The video clip below shows Louis Sarno talking about recording Bayaka Boyobi ceremonies, and is part of a series of video interviews with Louis that were recorded in April 2012.

Boyobis are Bayaka ceremonies that are often performed before net hunting. Women sing interlocking webs of polyphonic sound to entice the bobé spirits out of the rainforest and bless the forthcoming hunts. Bobé spirits can sometimes be heard speaking in distinctive voices, singing motifs and encouraging the choirs.

In the playlist below, recordings from several different boyobi ceremonies show some of the different sections, including polyphonic singing, the sounds of bobé spirits addressing and haranguing the group, and sometimes blessing the ceremony with their symbolic spit.

Sound Galleries

Musical torchlit trails at the Pitt Rivers Museum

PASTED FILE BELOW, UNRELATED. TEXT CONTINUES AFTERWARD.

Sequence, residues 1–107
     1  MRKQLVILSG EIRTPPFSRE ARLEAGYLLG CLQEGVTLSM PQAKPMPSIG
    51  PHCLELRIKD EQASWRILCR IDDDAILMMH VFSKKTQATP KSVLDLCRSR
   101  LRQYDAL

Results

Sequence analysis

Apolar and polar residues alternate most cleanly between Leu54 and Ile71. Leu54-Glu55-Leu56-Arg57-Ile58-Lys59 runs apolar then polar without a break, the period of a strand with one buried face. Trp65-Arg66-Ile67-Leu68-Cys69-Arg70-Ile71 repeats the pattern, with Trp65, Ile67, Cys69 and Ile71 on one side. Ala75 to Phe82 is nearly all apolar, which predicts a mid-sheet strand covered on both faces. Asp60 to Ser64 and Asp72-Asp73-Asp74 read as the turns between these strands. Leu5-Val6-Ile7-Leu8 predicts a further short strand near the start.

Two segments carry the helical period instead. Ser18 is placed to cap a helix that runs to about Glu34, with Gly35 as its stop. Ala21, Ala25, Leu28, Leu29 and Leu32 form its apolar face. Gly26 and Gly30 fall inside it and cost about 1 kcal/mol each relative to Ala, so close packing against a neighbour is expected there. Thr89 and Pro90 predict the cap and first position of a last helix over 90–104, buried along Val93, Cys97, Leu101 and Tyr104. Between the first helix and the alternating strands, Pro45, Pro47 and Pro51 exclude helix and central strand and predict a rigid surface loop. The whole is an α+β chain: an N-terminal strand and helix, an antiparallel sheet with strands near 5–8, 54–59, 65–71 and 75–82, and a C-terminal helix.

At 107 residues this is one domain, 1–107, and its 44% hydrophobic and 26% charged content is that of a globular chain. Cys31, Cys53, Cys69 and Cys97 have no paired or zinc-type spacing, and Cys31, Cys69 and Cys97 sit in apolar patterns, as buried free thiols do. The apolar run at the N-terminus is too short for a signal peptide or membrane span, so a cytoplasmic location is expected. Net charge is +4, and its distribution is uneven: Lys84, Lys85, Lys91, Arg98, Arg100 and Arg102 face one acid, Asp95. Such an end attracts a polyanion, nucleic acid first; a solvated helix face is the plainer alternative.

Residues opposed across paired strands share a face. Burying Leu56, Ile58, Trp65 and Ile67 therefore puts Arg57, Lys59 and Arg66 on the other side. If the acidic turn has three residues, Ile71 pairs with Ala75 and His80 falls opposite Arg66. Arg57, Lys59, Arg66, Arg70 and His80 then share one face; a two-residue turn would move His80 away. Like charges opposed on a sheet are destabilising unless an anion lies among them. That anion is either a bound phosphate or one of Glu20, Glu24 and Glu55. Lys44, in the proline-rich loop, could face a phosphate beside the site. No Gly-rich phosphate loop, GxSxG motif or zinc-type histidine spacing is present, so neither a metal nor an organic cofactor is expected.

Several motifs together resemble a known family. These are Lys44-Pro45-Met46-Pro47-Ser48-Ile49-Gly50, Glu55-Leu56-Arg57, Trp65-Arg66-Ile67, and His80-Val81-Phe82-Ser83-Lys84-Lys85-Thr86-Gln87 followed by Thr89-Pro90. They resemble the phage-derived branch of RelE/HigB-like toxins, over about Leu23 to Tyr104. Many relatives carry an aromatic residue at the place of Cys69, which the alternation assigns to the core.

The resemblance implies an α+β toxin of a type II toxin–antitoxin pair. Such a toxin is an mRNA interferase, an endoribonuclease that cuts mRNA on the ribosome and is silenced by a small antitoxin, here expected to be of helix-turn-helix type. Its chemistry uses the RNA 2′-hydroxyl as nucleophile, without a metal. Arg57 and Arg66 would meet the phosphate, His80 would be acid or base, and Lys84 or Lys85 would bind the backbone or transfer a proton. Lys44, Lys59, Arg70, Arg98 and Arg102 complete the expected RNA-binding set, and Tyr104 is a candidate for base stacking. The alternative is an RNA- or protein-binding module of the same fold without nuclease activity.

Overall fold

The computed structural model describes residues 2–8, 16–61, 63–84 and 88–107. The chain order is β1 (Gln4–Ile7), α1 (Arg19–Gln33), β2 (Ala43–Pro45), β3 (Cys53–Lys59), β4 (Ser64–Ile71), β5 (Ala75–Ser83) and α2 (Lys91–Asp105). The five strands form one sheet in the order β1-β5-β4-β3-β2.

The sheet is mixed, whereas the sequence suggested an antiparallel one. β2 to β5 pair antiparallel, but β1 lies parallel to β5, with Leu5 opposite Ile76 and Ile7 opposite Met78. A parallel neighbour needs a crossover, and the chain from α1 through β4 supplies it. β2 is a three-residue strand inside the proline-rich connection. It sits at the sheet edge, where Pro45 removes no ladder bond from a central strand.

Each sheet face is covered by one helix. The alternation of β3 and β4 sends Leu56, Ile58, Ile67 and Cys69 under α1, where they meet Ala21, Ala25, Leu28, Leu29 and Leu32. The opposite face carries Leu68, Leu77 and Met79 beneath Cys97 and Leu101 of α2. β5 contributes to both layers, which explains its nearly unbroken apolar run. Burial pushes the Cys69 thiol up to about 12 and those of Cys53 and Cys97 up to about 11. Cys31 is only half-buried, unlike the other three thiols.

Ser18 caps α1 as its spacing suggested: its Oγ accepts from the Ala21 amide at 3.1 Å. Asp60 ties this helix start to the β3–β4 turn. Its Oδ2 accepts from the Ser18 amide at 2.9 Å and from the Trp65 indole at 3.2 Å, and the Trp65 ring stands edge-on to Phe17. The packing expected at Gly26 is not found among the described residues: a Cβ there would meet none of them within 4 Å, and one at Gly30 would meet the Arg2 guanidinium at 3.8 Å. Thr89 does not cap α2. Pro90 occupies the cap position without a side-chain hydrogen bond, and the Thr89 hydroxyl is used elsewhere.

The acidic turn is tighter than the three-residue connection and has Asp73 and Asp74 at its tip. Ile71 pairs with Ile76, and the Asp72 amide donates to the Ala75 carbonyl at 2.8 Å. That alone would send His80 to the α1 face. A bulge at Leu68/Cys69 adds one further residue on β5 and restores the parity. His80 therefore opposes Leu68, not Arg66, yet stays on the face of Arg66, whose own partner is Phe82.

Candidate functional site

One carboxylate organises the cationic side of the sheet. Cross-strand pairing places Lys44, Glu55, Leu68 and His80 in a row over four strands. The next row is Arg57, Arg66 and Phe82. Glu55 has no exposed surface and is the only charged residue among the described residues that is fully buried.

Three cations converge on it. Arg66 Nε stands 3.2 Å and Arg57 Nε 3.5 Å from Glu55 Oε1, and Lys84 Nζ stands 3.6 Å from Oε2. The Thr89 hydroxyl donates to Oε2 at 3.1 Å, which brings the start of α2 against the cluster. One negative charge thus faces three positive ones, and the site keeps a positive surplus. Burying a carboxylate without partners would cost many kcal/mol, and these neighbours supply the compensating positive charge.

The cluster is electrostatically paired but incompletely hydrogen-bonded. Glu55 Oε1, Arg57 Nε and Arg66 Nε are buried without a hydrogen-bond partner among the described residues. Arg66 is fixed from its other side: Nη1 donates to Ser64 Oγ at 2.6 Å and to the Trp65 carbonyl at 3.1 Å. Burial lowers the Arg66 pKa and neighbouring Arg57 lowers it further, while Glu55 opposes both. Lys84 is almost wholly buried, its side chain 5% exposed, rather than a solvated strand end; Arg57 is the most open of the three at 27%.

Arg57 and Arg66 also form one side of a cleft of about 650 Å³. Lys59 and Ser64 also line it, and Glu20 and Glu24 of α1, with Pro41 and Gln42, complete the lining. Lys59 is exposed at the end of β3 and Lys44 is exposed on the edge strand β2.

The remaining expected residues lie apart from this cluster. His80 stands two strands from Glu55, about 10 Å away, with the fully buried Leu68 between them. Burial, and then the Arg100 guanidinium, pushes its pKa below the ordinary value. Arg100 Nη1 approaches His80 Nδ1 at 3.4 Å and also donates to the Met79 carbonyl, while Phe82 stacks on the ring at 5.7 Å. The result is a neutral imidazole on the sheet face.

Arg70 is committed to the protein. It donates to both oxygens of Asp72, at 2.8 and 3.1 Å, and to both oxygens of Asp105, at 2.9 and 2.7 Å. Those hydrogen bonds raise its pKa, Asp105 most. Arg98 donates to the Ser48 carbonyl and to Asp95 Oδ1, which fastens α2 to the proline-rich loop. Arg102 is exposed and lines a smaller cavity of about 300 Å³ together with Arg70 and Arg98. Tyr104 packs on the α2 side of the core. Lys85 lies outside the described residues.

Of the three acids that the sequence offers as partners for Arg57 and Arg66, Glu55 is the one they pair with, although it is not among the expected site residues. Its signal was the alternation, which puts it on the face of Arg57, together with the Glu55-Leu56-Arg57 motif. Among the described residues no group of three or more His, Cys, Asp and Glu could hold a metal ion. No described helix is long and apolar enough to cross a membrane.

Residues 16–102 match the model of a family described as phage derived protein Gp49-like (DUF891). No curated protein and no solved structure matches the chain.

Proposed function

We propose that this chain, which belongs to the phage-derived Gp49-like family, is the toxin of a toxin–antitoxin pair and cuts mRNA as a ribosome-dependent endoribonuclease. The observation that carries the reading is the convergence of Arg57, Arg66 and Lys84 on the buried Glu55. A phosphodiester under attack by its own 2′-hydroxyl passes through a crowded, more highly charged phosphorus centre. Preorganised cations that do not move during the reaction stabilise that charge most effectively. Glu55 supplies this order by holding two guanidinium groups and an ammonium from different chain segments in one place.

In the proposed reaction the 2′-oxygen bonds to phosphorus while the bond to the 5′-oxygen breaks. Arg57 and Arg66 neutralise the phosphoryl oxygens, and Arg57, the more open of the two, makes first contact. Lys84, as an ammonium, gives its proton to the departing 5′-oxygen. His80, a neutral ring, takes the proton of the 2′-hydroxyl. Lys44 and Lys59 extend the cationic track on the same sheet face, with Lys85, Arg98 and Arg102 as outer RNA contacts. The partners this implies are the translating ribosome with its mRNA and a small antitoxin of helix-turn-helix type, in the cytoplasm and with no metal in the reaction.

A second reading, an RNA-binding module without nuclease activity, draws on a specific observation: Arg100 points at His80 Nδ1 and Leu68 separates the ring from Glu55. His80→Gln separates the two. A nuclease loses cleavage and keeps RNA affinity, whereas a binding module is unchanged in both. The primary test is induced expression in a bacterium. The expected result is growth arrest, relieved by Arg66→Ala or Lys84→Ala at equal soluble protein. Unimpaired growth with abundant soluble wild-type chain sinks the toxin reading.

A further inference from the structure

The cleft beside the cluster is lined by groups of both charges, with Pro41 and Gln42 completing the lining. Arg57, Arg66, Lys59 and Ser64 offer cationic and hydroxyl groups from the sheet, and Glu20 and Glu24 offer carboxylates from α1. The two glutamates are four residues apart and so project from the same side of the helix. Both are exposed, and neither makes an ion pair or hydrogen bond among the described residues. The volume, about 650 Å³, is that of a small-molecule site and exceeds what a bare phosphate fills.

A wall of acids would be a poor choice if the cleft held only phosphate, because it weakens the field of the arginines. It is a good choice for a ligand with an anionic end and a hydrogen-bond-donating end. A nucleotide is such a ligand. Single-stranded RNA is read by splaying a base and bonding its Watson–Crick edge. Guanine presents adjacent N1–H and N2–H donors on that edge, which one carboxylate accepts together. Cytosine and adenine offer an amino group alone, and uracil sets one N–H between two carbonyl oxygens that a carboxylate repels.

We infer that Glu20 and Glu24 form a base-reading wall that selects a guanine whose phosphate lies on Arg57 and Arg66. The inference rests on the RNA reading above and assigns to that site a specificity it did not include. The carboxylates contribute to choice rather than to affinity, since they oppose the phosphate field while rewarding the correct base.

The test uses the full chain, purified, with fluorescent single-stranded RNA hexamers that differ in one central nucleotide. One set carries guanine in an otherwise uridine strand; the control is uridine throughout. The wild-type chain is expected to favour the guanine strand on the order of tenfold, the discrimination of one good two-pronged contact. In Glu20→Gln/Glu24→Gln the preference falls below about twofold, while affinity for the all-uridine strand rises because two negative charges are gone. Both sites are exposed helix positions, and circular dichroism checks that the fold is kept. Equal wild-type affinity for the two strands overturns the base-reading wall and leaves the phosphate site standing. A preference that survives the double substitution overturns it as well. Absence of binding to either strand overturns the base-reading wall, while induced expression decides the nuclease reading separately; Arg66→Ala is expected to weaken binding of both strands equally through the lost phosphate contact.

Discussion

On Friday November 23rd 2012, the galleries of the Pitt Rivers Museum were plunged into evening darkness and bathed in Bayaka music and sound from the Central African Republic. Visitors were given torches to explore the galleries that were transformed into a rich forest soundscape with sung fables, snatches of laughter, beautiful variations on harps and flutes, and the stunning polyphonic singing of Bayaka women. Hidden surprises included mini projections from the rainforests and a visualiser designed by Nathaniel Mann, the PRM's Embedded Composer in Residence. The evening was filmed By Mike Day of Intrepid Cinema as part of the Reel to Real project, and complemented the Oxford City-wide Christmas Light Night organised by Oxford Inspires. A four hour playlist of Bayaka music from the PRM's sound collections, originally recorded by Louis Sarno, was curated on the evening by Nathaniel Mann and Dr Noel Lobley. The event was streamed online, and was watched live in the Central African Republic by Louis Sarno and some of the Bayaka community.





Copyright 2012 The Pitt Rivers Museum, University of Oxford